Wales wins EU funding for up to 90 new research fellows

Financial boost follows better than average performance in the 2014 REF

September 9, 2015

Wales has won £7 million of European Union funding to boost the country’s scientific research.

Up to 90 new research fellows from across Europe will be based at Cardiff, Swansea, Aberystwyth and Bangor universities and the University of South Wales.

The money comes from the Marie Skłodowska-Curie Actions COFUND scheme, part of the EU’s Horizon 2020 programme. It will be matched by £10 million in funding from the Welsh government.

The research fellowships will be targeted at candidates with three to five years of postdoctoral research experience who wish to work in Wales.

Julie Williams, the chief scientific adviser for Wales, said in a statement: “Securing this funding from COFUND against stiff competition from across Europe is a massive vote of confidence in Welsh scientific research.”

Richard Davies, vice-chancellor of Swansea University, congratulated the Welsh government on winning the grant. “The funding provides a timely opportunity for Welsh universities to build upon the excellent science base we already have by attracting experienced research fellows from other countries,” he said.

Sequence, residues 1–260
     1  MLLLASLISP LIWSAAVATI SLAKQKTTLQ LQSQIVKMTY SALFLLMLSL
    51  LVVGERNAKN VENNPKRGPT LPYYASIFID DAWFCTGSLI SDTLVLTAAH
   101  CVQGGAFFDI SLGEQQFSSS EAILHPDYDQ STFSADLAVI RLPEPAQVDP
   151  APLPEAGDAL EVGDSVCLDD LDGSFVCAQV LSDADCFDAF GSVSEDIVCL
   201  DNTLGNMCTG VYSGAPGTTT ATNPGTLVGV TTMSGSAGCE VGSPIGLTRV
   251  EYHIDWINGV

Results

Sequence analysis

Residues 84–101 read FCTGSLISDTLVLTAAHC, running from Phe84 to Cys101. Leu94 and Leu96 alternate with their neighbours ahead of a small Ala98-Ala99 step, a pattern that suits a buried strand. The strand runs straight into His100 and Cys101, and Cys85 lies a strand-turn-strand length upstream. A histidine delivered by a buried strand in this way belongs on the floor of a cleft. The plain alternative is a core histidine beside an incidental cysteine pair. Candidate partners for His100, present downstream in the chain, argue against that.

In the results of the research excellence framework, which assessed the quality of scholarship across the UK last year, Welsh research performed slightly better than average, with 77 per cent of the papers submitted judged as either being world-leading or internationally excellent.

david.matthews@tesglobal.com

You've reached your article limit.

Register to continue

Registration is free and only takes a moment. Once registered you can read a total of 3 articles each month, plus:

  • Sign up for the editor's highlights
  • Receive World University Rankings news first
  • Get job alerts, shortlist jobs and save job searches
  • Participate in reader discussions and post comments
Register

Have your say

Log in or register to post comments

Most Commented

women leapfrog. Vintage

Robert MacIntosh and Kevin O’Gorman offer advice on climbing the career ladder

men in office with feet on desk. Vintage

Three-quarters of respondents are dissatisfied with the people running their institutions

students use laptops

Researchers say students who use computers score half a grade lower than those who write notes

Canal houses, Amsterdam, Netherlands

All three of England’s for-profit universities owned in Netherlands

Mitch Blunt illustration (23 March 2017)

Without more conservative perspectives in the academy, lawmakers will increasingly ignore and potentially defund social science, says Musa al-Gharbi